1.5 Resonance Structures


There are some molecules that have pi electrons that can move around from one atom to another. For example, the following molecules (A and B) are both different forms of acetate:

Structures A and B are called resonance structures (or resonance contributors). In reality, acetate actually exists somewhere in-between A and B, with the – charge being shared equally by the two oxygens.

Resonance Rules

When drawing different resonance structures, remember:

1. Only electrons move. Specifically, only pi electrons, lone-pair electrons, or negative charges can move. Do NOT move atoms.
2. You CAN move electrons toward or into an atom that does NOT have a full octet, such as carbocations.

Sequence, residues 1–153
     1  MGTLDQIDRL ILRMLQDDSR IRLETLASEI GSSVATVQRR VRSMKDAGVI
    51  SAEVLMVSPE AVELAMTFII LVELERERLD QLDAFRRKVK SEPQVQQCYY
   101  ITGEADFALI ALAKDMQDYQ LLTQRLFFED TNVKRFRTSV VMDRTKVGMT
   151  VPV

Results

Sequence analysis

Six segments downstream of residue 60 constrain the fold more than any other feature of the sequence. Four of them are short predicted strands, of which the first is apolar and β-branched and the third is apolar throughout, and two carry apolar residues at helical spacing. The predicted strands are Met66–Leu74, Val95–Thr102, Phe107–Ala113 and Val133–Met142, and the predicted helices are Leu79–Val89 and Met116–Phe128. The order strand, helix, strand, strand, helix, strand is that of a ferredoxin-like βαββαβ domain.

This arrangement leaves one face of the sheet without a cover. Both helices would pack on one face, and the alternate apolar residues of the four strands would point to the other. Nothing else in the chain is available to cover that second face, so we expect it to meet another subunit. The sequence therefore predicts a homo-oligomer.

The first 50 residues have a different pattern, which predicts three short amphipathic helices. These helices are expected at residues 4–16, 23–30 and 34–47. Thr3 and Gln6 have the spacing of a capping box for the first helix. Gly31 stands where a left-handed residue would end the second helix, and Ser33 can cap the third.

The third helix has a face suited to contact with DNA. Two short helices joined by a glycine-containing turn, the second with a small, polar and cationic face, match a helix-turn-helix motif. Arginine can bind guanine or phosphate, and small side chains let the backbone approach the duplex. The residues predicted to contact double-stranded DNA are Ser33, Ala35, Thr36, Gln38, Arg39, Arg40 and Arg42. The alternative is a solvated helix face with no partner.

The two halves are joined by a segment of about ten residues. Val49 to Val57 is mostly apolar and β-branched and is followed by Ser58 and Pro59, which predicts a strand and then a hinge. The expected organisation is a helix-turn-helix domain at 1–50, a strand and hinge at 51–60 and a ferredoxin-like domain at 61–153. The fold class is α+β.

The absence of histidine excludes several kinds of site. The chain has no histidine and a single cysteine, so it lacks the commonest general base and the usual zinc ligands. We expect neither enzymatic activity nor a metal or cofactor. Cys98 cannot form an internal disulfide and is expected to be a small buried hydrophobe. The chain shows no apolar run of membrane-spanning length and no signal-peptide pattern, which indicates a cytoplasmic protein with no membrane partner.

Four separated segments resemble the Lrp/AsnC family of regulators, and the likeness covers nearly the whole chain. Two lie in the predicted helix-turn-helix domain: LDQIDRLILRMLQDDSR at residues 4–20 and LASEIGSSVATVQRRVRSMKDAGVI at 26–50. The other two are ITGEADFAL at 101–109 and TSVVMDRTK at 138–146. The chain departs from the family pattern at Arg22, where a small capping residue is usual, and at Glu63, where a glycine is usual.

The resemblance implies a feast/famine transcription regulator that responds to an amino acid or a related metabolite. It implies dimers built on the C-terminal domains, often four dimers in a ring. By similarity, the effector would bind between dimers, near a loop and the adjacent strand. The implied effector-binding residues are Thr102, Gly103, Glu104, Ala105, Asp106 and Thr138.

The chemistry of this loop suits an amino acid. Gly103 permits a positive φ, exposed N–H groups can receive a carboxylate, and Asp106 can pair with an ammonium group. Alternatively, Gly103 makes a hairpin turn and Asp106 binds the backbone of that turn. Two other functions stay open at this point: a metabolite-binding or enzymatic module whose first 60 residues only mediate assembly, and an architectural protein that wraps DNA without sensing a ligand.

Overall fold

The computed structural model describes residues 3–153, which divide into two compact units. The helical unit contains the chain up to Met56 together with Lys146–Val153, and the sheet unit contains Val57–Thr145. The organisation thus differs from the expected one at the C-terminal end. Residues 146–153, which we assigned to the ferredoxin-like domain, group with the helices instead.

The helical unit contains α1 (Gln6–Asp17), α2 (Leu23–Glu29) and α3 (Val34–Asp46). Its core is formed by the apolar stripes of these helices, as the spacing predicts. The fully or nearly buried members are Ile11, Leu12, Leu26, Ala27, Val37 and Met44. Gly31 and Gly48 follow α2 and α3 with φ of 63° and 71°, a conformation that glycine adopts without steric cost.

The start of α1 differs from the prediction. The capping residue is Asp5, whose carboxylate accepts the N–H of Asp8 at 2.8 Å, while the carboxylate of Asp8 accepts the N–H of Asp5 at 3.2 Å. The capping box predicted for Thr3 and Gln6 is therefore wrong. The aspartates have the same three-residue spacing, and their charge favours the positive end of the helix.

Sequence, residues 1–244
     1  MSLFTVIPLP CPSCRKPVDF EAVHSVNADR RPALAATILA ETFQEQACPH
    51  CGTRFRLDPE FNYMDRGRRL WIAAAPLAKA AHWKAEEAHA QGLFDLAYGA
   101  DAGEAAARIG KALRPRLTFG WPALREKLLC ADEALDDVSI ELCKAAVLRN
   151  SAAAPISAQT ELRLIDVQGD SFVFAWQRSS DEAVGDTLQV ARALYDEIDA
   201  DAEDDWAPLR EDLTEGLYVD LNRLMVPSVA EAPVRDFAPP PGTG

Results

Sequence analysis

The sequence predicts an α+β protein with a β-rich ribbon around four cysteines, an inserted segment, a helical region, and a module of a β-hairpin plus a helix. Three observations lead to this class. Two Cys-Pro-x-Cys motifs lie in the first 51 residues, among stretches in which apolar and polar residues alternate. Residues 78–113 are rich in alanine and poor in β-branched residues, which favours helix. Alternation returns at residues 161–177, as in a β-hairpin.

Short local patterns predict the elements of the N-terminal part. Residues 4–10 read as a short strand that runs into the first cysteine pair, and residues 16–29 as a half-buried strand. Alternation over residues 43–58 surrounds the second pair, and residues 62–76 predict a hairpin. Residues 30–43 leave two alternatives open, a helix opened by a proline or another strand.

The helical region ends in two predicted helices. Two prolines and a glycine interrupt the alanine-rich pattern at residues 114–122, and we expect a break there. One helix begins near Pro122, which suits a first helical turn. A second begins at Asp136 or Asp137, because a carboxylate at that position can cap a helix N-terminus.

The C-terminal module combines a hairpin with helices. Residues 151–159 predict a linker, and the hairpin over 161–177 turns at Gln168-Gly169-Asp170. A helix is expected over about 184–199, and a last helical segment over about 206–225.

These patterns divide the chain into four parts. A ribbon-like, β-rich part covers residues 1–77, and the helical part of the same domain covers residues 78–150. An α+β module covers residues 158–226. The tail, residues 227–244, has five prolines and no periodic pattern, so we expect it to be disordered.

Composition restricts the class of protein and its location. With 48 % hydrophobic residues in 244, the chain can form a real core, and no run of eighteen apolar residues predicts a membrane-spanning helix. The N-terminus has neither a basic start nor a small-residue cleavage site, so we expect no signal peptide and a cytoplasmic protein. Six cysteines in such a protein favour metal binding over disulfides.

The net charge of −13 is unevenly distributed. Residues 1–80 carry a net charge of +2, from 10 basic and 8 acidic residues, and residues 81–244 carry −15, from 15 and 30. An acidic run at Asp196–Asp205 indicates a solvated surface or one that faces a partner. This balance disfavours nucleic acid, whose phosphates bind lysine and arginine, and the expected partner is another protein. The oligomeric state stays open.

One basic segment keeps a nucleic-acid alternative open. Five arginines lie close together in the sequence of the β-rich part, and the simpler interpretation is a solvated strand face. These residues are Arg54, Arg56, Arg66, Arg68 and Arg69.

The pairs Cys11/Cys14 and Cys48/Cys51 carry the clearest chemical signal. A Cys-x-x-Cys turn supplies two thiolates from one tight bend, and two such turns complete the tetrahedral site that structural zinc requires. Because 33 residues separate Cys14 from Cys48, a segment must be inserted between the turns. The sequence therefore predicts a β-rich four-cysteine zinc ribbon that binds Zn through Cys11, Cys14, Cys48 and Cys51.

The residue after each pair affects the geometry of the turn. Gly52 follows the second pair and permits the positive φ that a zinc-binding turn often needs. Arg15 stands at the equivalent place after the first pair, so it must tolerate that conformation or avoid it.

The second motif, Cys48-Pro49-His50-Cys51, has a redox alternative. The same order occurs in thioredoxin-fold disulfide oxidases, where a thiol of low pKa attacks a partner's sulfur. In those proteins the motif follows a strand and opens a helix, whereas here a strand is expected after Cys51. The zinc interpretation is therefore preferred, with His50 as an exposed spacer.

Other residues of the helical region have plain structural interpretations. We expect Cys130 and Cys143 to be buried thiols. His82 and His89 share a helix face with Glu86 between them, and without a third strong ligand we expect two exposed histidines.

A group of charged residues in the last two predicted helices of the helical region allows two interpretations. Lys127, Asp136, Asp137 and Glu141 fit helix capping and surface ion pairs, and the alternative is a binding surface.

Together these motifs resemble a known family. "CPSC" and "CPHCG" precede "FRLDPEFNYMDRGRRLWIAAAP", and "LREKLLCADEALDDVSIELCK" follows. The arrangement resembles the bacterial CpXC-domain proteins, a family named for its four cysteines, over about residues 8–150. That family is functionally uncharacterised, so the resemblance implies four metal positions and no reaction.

3. If an atom already HAS a full octet, then you can move electrons into it ONLY IF you push electrons out the opposite side (electrons in, electrons out).
4. Do not move or break sigma bonds, only pi bonds.

Determining Greatest Resonance Contributor

1. The most stable resonance structure will have a full octet on every atom.
2. The most stable resonance structure will have the smallest possible number of charges.
3. The most stable resonance structure will have negative charges on the most electronegative atoms and positive charges on the least electronegative atoms.